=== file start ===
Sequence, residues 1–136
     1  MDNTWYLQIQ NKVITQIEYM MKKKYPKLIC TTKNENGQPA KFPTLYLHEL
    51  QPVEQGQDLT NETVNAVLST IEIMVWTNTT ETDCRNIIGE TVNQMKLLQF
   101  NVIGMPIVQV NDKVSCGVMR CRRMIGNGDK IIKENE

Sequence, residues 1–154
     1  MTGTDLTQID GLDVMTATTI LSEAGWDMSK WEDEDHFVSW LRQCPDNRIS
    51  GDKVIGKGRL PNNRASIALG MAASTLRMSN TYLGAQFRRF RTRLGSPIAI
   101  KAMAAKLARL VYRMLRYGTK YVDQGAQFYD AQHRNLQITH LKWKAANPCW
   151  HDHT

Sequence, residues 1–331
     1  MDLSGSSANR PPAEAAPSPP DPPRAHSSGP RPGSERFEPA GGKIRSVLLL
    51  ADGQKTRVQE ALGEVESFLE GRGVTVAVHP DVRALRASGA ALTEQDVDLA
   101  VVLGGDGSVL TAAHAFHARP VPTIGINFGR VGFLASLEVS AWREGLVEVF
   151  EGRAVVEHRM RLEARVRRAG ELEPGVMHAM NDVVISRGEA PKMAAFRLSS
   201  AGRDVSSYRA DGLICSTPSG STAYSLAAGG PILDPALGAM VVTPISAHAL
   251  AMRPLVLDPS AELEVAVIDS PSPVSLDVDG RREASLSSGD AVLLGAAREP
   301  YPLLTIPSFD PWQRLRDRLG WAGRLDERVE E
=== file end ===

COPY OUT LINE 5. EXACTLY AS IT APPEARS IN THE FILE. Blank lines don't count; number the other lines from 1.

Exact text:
Sequence, residues 1–154